Kids pics should stay in a photo album – not on social media


At the time of me writing this article, my iCloud library stands at a cool 43,357 photos. I estimate it will probably go up by about 20 or 30 by the time you end up reading this. It’s my daughter’s karate grading today, for example, so hopefully I’ll take a few pics of her with her new belt. My son is also going to a pirate-themed birthday party later, so I imagine I’ll take a few shots of him and his swashbuckling friends.

I couldn’t live without pictures of my children. They go through so many developmental stages and subtly mutate at such a rapid speed that it’s hard for your memory to latch on to any of it, especially in the first 10 years. Looking back is a very active part of being a parent. But, quite clearly, there’s something wrong about having more pictures than every gallery in London combined of just two kids.

That’s why, in my slow and shameless evolution from a young man to an old man, all I want for Christmas this year is a modest, old-fashioned photo album with maybe 80 or so pictures of my kids in it. Everything else can vanish.

It might seem quaint to choose to laboriously print and stick a load of pictures into an album, given how easily and socially acceptable it is to build a virtual photo album by posting to apps like Facebook or Instagram. But I think we’re at a turning point here. More and more people are shying away from posting their children on social media, for a plethora of reasons. At the most extreme end, we’re on the cusp of learning more and more about the effects of using children as online content – as the first generation of influencer children begins to grow up and start telling their stories first hand. On platforms like TikTok, as well as in books like Stephanie McNeal’s Swipe Up For More! Inside the Unfiltered Lives of Influencers, we can hear the emotional burdens of having to smile for the camera as a way to pay the bills, or to dress a certain way to make clients happy. When kids finally read the vile comments their posts elicited (commonly reflecting a feeling that users preferred it when the kids were younger and cuter), it all points to how toxic online “sharenting” can become.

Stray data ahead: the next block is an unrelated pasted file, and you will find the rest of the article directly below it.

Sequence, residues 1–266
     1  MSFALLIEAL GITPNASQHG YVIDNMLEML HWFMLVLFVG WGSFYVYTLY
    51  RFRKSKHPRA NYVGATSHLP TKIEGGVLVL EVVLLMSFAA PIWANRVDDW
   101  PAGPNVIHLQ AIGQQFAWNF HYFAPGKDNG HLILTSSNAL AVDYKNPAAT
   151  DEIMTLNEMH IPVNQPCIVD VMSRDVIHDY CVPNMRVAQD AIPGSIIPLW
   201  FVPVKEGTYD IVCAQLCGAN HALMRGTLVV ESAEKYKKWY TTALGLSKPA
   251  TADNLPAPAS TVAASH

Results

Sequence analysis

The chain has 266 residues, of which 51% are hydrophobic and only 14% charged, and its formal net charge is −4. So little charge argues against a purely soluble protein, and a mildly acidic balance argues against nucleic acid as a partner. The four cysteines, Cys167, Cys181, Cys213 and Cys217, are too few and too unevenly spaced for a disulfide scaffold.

To reiterate, these are extremes, yet the same principles apply even if you’re not an overzealous influencer. When a parent posts pictures without their child’s permission, they are riding roughshod over their kid’s right to privacy. The fact that you’re their legal guardian doesn’t give you any legal exemption to do what you like with their image. In practice, it’s obviously very hard for a child to assert their rights without access to, say, a lawyer – which is why the NSPCC urges parents to ask for a child’s permission before posting. This is challenging, though, as it involves having to explain what social media is. Thus, never has the maxim “If in doubt, don’t” seemed more reasonable.

The parenting experience can often feel, especially around infancy, like being in a tiny cult, wherein your child is a fringe, obscure deity that only a small number of people (parents, relatives) intensely worship. By contrast, social media is a punchy, blunt place that almost goads you into being negative at times. It’s why I don’t wish to post pictures of my kids online, lest they somehow provoke the ire of someone either having a bad day or someone with a malign intent. Social media followings tend to be impossibly random, and I don’t think it’s reasonable for someone you met in the smoking section of a club once at 3am to have the same levels of enthusiasm for your mewling DNA clone as your fellow cult members.

Even though we know that hoarding is unhealthy, who among us can deny that they mercilessly hoard digital photos nowadays? We do it aimlessly because there doesn’t seem to be a downside, even though the carbon footprint of storage (from cooling heating servers) is a ticking environmental timebomb most of us pretend we can’t hear.

Even less discussed, though, is what kids of the cloud age will make of a digital inheritance of perhaps 30,000 pictures of themselves when they reach adulthood? It’s not impossible to imagine some becoming almost obsessively consumed by it, maybe via sheer narcissism. Others could be driven mad by trying to discern some meaning from it all, as if endless dives into a bottomless archive could patch any holes in your adult psyche.

By contrast, it’s pretty hard to become obsessive over the incredibly humble and ingeniously drab photo album. Most pre-digital kids groaned when the albums would come out at family occasions, and with good reason: they were naff and deeply cringe, they were about going back and reminiscing when you just wanted to live and leap into the future. A child’s life should be lived fast with no baggage, not chronicled minute by minute. They should make memories that exist in the cerebral cortex, not in jpegs. A vast well of content is not in anyone’s interest, least of all a parent who one day is just going to want to remember the good stuff. The nerves she felt before that karate grading. The superhuman strength he employed to stop himself face-planting into a birthday cake.



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